Bender prefers laws granting limited immunity to companies or agencies that share information about fixing Y2K glitches -- details some companies withhold for fear plaintiffs might use the information against them later.

Congress passed such a law last year. So did California. Other legislation is pending. For example:

A bill in Minnesota would give the Mayo Clinic immunity if it shared successful Y2K strategies with smaller hospitals that needed help.

A Maryland proposal would grant protection to governments or businesses -- as long as they've done everything within reason to make computer systems compliant.

"It's possible for business to not live up to reasonable expectations, but this shouldn't become a happy hunting ground for lawyers," Maryland Chamber of Commerce president Champe McCulloch said.

Immunity opponents believe lawmakers should use oversight powers to boost Y2K compliance of computers used by government and regulated industries like utilities and banks.

Wisconsin state Sen. Bob Jauch said lawmakers are acting before they know enough about Y2K's impact.

"This isn't a race to take credit and pretend we're doing something," Jauch said. "This is a complicated issue and we can't simplify it with a simple symbolic act."

Wyoming's Senate Judiciary Committee killed a Y2K bill in January.

"I'm always uncomfortable when we rush to immunity every time something comes up," said state Sen. John Hanes. "I see a creeping trend toward more and more people and more and more entities immune to liability."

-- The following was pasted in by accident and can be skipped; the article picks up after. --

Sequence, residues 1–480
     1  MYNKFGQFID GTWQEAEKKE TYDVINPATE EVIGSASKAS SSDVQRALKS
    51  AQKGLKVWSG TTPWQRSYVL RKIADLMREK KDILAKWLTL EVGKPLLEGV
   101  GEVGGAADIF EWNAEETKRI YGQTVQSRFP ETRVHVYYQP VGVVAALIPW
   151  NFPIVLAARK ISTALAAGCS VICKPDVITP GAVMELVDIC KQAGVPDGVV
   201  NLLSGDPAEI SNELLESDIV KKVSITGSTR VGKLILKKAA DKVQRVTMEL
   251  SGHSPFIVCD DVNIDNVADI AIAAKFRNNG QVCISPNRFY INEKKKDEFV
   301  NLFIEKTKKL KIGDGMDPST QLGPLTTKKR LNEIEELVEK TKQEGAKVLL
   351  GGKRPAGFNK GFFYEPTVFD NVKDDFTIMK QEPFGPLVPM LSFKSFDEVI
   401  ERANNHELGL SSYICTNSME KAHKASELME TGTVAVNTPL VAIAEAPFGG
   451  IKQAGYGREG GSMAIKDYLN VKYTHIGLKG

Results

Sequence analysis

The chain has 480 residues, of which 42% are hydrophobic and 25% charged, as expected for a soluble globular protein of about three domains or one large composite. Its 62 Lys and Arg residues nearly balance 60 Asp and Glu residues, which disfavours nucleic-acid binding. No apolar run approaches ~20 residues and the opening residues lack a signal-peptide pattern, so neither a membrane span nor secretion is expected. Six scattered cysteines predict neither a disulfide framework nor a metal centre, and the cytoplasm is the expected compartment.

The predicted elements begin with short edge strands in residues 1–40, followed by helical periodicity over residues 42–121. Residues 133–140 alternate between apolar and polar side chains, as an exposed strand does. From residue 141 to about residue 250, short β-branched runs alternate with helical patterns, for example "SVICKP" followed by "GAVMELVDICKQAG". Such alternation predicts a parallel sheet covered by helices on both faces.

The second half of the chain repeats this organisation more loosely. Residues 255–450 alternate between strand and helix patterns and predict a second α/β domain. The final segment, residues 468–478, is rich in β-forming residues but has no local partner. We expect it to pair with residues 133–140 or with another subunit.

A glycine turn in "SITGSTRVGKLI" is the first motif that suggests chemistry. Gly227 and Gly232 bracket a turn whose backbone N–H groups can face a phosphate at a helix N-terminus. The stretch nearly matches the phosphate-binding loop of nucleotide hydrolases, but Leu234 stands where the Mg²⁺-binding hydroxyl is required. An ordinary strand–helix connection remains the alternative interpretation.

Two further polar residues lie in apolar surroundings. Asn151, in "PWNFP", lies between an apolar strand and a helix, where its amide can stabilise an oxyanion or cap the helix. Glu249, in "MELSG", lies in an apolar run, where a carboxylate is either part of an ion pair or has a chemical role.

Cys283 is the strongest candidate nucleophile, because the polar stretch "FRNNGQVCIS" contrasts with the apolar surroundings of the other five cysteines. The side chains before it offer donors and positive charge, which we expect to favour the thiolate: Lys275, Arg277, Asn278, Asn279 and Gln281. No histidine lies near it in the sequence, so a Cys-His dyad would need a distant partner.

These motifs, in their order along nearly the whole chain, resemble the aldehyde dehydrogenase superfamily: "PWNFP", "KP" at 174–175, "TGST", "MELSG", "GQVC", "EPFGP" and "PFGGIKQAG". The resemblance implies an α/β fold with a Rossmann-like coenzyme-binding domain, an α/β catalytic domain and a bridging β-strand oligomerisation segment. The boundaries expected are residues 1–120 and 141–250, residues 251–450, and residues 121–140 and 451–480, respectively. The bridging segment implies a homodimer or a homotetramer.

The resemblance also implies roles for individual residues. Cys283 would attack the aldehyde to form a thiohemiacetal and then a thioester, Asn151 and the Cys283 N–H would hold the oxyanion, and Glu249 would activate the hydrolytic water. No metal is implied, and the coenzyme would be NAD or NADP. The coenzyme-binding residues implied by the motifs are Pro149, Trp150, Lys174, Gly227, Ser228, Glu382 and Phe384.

In reply, Sen. Steven Youngbauer said, "You have a little bit more faith in mankind than I do on frivolous lawsuits. I see them every day."

-- Kevin (, February 25, 1999


Kevin, looks like they are taking Congresss lead for the business sector. -- Diane

25 February 1999


(Congressional group wants to limit litigation) (510) latest/99022501.glt.html?/products/washfile/newsitem.shtml

Excerpts ...

Washington - A bi-partisan group of congressmen has introduced legislation to contain the legal battles that could storm U.S. courtrooms in response to problems related to the Y2K computer failure. The lawmakers say their bill will serve as an incentive for U.S business to work to solve Y2K related problems rather than concentrating their efforts on protecting themselves from lawsuits. ...

... "The American people want the Y2K problem solved. Fortunately, America is the land of ingenuity - if we just allow our technical experts to roll up their sleeves and get to work, we can fix the Y2K problem," Dreier said.

... Specifically, the legislation will:

require defendants to respond to Y2K questions and concerns in 30 days;

establish a 90 day pre-trial notice period in which Y2K related problems can be addressed;

encourage mediation and arbitration to help unclog the court systems;

limit attorney's fees to $1,000 dollars an hour;

directly link a defendant's share of damages to their share of responsibility;

provide incentives for both defendants and plaintiffs to work on solutions;

create a uniform, nationwide Y2K liability standard; and, not affect personal injury lawsuits.

[... link ... for the rest of the story.]

-- Diane J. Squire (, February 25, 1999.